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Hang vs Suspend vs Sling vs Dangle

Hangsuspendslingdangle mean to place or be placed so as to be supported at one point or on one side, usually a point or side at the top.

Hang typically implies a fastening to an elevated point or line so as to allow motion to what falls from such a point or line.

In extended use hang often implies a position or a relation suggestive of hanging, such as that of something poised or seemingly poised in the air or of one thing dependent upon another or of something clinging or adhering to something else.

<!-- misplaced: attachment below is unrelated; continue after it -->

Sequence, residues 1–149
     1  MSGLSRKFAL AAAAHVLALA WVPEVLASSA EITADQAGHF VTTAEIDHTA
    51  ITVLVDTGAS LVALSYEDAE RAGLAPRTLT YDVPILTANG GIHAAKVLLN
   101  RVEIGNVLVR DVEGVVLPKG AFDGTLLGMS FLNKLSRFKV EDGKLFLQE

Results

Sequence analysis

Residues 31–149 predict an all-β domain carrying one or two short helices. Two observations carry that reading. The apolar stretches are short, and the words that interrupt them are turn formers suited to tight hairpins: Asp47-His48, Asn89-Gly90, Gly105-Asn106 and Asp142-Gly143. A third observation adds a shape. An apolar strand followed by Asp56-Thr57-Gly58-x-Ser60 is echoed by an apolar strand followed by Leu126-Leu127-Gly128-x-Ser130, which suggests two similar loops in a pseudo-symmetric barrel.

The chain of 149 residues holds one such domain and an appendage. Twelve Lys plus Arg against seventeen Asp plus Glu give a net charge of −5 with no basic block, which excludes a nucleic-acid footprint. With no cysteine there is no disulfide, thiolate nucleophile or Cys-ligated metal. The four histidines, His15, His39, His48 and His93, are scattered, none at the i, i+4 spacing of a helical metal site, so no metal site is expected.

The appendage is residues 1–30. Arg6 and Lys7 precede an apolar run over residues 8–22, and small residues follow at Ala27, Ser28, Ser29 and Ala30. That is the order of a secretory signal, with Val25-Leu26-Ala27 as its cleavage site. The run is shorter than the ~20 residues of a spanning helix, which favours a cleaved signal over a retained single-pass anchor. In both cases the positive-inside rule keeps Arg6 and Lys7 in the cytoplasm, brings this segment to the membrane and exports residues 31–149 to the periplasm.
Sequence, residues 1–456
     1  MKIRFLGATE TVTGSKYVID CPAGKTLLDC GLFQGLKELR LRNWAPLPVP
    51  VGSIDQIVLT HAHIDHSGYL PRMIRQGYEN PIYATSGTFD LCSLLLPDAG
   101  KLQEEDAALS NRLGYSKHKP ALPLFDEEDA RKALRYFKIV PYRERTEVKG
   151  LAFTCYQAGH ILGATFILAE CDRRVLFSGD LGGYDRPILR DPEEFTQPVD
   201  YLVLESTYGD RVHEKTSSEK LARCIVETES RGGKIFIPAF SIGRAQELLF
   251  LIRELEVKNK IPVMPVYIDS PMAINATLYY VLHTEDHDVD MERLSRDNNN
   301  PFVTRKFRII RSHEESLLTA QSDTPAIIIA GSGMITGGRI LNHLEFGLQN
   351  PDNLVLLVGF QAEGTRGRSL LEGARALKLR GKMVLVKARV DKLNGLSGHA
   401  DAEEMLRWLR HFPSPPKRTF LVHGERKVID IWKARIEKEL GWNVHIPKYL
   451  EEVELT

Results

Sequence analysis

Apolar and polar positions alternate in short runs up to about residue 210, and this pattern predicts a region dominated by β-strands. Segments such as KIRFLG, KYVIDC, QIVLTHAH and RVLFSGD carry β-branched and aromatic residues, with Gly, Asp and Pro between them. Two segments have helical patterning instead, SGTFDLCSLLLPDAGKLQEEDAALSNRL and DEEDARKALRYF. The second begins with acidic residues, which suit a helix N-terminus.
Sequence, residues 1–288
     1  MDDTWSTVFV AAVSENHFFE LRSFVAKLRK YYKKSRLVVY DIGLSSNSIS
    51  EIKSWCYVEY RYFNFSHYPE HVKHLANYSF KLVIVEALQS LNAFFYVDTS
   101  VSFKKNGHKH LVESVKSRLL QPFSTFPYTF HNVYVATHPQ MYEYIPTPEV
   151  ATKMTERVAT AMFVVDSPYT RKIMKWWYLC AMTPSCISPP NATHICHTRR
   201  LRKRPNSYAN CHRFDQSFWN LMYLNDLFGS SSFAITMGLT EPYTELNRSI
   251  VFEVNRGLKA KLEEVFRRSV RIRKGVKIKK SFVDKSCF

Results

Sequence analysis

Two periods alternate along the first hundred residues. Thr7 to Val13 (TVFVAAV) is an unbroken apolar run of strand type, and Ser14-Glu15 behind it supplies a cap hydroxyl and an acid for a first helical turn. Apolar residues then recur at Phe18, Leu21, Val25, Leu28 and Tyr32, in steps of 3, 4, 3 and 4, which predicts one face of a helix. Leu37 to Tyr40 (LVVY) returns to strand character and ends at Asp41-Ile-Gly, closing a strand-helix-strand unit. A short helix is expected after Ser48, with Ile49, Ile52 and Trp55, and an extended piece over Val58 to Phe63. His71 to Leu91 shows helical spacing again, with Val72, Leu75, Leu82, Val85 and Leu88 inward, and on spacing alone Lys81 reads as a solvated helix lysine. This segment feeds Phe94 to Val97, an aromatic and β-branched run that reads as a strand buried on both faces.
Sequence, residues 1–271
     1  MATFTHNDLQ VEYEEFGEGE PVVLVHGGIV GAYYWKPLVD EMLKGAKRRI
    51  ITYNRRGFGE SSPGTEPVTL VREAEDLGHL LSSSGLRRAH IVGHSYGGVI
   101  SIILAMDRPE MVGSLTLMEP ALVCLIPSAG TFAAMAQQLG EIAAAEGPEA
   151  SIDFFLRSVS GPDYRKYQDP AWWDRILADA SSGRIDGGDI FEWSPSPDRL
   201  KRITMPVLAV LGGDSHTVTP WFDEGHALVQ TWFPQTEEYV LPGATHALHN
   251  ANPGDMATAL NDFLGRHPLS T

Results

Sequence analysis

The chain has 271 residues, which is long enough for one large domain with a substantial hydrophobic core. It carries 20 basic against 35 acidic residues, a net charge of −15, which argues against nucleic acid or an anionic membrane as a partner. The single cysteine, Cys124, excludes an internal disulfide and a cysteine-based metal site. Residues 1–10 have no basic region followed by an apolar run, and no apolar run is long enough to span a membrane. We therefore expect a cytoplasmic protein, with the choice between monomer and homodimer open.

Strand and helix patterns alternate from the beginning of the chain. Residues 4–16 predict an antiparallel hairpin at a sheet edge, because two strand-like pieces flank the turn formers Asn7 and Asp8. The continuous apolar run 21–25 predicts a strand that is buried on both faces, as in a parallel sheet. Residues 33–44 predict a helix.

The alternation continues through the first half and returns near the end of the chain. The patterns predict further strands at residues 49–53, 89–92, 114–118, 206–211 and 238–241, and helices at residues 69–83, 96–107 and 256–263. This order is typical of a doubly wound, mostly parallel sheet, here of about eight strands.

Suspend is preferred to hang (or hung ) when support from a point above suggests flexibility, free motion or movement, or a display of skill.

Suspend is also employed more often than hang when a floating in a fluid (as air or water) is suggested (see SUSPENDED ).

Sling basically implies the use of a sling for hoisting or lowering heavy or bulky articles with ease. Sometimes the term implies a hanging over the shoulder, or arm, or similar support (as for ease in carrying) <slung a basket on her arm>  <sling a scaffold from a roof>

Dangle implies a hanging loosely in such a manner as to swing or sway or twist to and fro.

In extended use dangle usually implies dependence on someone, often a loose dependence or connection, in hope of a reward for attentions or services.